• 3 cents of every dollar is spent on books, supplies, computers and materials
  • 5 cents of every dollar is spent on debt for money borrowed to pay for building renovations and cash
How are financial and staff resources allocated to the schools?  What factors are considered when making these allocations?
Financial and staff resources are allocated to schools based on multiple factors. These include, but are not limited to, the following:
  • Enrollment: Instructional staffing levels are tied to enrollment by school and grade level. Schools also receive a portion of their instructional supply allocations on a per pupil basis.
  • Pupil Need: Schools with higher pupil need (Special Education, ELL students, free or reduced price lunch, etc.) receive additional staffing and supply allocations
  • Type of School: Elementary, Middle, K-8, High School, and Alternative Programs each contain different grade level mixes of students. Financial and staff allocations also consider the type of program when making these allocations.
How does the annual budget relate to the District’s five-year strategic plan, Great Expectations?
During each year’s budget development process, the Budget Department asks each department to align expected outcomes for budgeted dollars with explicit links to the five-year strategic plan, Great Expectations. This ensures that the district is managing budgeted investments against intended outcomes.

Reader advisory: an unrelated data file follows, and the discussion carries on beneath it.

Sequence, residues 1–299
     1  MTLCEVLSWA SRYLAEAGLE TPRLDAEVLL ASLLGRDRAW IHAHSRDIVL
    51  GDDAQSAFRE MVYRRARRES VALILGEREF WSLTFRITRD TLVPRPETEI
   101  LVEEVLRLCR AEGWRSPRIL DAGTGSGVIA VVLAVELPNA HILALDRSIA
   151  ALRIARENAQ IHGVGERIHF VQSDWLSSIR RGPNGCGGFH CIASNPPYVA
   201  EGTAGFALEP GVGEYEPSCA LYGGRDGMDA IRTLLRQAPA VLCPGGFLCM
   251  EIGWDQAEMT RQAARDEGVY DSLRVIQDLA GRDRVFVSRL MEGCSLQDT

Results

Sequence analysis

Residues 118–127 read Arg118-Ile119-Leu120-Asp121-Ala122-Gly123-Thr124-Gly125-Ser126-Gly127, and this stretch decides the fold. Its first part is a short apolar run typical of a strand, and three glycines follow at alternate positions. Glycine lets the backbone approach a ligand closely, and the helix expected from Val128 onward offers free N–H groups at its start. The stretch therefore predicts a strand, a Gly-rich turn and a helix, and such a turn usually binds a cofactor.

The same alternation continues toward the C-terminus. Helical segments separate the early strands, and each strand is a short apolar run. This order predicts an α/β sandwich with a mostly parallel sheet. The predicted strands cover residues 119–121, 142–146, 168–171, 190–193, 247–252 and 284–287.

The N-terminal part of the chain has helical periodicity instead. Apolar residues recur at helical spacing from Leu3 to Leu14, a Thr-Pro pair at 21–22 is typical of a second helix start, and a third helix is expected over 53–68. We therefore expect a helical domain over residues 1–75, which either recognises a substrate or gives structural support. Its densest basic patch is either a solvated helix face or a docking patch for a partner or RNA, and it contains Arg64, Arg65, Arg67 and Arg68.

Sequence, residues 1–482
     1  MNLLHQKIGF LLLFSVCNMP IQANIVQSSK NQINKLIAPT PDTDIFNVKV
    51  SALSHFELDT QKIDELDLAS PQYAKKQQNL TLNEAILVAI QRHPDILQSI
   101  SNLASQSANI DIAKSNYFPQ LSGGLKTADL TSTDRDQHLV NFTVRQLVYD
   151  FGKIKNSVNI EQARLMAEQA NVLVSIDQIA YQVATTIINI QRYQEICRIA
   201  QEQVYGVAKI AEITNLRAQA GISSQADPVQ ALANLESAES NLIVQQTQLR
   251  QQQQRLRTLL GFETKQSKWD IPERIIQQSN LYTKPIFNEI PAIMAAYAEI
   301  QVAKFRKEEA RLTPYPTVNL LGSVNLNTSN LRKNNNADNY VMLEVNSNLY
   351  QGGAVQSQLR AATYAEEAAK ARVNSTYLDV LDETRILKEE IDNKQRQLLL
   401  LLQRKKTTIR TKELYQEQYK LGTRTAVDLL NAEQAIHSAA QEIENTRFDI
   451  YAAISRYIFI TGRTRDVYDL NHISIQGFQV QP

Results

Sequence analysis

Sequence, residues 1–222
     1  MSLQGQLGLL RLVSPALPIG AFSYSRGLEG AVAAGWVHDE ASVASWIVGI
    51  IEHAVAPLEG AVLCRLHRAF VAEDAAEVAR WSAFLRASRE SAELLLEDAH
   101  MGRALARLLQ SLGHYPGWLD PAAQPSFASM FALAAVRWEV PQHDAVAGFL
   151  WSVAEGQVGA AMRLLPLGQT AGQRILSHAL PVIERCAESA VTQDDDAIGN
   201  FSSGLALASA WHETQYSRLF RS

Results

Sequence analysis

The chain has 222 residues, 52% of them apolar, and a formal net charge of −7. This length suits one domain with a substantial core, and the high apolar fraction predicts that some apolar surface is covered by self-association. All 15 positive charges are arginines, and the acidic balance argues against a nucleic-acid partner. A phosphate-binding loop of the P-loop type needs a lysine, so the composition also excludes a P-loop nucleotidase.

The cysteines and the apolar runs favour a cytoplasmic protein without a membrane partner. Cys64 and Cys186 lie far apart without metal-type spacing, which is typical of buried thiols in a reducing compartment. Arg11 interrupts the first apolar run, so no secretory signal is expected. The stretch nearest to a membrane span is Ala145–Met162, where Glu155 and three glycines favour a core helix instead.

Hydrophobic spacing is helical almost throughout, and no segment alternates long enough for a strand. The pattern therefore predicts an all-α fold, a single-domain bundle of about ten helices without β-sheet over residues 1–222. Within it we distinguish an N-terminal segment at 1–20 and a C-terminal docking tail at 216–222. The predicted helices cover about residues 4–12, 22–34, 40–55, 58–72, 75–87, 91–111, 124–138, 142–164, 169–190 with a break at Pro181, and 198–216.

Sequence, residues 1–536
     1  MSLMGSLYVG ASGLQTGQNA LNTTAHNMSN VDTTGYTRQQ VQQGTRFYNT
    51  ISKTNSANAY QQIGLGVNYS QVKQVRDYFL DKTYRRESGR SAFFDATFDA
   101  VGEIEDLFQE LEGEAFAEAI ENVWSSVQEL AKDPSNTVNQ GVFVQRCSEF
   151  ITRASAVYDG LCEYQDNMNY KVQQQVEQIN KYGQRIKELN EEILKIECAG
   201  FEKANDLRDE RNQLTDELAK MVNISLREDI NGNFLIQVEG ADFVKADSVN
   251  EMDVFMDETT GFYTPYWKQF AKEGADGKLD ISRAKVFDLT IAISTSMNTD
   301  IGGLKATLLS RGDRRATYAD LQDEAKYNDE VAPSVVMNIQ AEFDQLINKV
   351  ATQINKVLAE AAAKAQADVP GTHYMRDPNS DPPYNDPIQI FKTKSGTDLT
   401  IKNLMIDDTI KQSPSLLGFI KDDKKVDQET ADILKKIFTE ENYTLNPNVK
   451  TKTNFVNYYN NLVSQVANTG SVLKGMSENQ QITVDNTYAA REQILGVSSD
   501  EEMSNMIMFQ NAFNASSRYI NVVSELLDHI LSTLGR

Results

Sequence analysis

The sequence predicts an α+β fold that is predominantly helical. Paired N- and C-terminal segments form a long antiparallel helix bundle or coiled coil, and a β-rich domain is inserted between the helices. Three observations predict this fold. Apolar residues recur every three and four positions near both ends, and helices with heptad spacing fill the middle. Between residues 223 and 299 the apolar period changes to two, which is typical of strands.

How much grant funding does the district receive each year?  What are the largest funding sources?
  •  The Syracuse City School District received $82 million in Special Aid Revenue for the 2014-15 year.
  • The District receives grant revenue from federal, state, and local sources. The breakdown from each source is the following:
    • Federal: $50.1 million
    • State: $21.5 million
    • Local $10.4 million
  • Grant revenue is from three types of sources:
    • Formula Grants: Allocations based on a formula established by the funder, rather than a competitive process. $38 million or 46% of Special Aid Revenue in 2014-15 was from Formula Grants
    • Competitive Grants: Public or private funding earmarked for special interest established by the funder, such as academic intervention, student nutrition, after-school programming, parent programs, school reform, school safety, and alternative education. The award amount is based on the quality of the application, extent of need, and proposed programmatic solutions. $36.3 million or 44% of Special Aid Revenue in 2014-15 was from Competitive Grants
    • Other Programs: Includes funds from sources as special legislative grants, community-based organizations and institutions of higher education, flow-through funds from BOCES, tuition reimbursement, and non-competitive county/state funding or business partnerships
As a parent of a city school district student, if I choose to send my child to a private institution, is that school able to request state aid that has been allocated to my child?
State aid is provided to public and charter schools, and generally not to private institutions. There are few exceptions for private schools for students with severe hearing or vision loss. 
There is some talk in Albany about the voucher program that would provide some form of funding to private schools, but as of right now there is not a mechanism for private schools to receive public school state aid.